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The nerve from the ear to brain

20 April 2010 No Comment
This colour enhanced axial cross sectional MRI image beautifully demonstrates the 7th and 8th cranial nerve complexes within the internal auditory canals (IAC). This MRI sequence is called a CISS sequence and is a highly specialized sequence to look at these nerves when people have complaints of hearing loss. Sometimes hearing loss is the result of a tumor involving the 8th nerve in the internal auditory canal which is called a vestibular schwannoma or acoustic neuroma. MRI is the best method to diagnose this problem.  Living Art Enterprises, LLC/ Science Photo Library

This colour enhanced axial cross sectional MRI image beautifully demonstrates the 7th and 8th cranial nerve complexes within the internal auditory canals (IAC). Living Art Enterprises, LLC/ Science Photo Library

We are continuing on in our series of posts on the normal ear and balance system. Last time I talked about the Balance Parts of the Normal Inner Ear.  This time I’ll briefly talk about the nerve connecting the ear and the brain.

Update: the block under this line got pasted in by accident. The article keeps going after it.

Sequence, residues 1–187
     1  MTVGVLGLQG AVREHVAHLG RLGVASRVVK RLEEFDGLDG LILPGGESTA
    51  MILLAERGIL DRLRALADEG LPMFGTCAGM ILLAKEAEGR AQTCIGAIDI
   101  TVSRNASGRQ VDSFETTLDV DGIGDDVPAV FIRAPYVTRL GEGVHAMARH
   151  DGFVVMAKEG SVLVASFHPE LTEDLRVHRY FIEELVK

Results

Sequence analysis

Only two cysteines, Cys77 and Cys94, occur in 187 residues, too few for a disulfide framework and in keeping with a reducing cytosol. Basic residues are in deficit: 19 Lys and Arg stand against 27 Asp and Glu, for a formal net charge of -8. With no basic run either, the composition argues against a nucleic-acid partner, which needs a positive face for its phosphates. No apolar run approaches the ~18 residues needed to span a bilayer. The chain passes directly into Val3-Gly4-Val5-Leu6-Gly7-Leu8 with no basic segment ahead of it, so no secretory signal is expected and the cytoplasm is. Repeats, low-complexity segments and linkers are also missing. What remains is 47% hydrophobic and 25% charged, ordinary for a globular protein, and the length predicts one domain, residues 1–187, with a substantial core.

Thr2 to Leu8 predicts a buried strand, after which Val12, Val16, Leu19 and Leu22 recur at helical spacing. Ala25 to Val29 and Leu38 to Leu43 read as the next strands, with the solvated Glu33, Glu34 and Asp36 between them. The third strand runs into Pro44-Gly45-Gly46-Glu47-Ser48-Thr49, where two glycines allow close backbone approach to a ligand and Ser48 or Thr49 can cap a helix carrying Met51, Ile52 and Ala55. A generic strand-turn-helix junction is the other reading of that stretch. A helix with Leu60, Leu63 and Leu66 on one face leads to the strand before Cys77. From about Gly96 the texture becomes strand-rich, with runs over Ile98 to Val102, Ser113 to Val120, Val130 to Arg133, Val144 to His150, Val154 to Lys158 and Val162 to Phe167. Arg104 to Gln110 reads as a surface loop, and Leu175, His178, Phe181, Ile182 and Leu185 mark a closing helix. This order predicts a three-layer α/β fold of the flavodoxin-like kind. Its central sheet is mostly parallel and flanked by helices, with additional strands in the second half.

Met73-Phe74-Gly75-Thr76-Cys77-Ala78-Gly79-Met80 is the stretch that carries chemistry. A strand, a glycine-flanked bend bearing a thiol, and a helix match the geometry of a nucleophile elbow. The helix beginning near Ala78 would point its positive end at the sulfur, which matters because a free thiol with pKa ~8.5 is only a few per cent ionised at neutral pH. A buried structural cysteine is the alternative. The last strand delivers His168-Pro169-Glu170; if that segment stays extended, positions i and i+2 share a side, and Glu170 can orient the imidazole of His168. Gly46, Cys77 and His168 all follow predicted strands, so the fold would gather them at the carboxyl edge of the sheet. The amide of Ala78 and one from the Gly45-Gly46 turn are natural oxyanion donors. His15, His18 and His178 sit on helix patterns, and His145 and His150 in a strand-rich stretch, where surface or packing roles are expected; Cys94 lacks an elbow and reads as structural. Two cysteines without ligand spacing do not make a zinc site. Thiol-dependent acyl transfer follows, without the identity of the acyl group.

The nerve is called the Vestibulocochlear nerve and contains parts for both hearing (cochlear) and balance (vestibular).  It runs from the inner ear, throug the skull.  In the skull it passes through a passage called the internal auditory meatus.  As it passes through here is is susceptible to compression from tumours and things called arteriovenous malformations (blood vessel growths).

The most common type of tumour is one called an acoustic neuroma.  These are a very slow growing tumour (10 to 25 years is not uncommon).  Their slow growth can mean that they show very few signs.  MRI scans are the best way to diagnose them.  Overall though they are not very common.

Once on the inside of the skull the nerve joins up with the brain at a region called the pontomeduallary junction in the brainstem (the base of the brain).  Where it goes from there is the subject of the next post.

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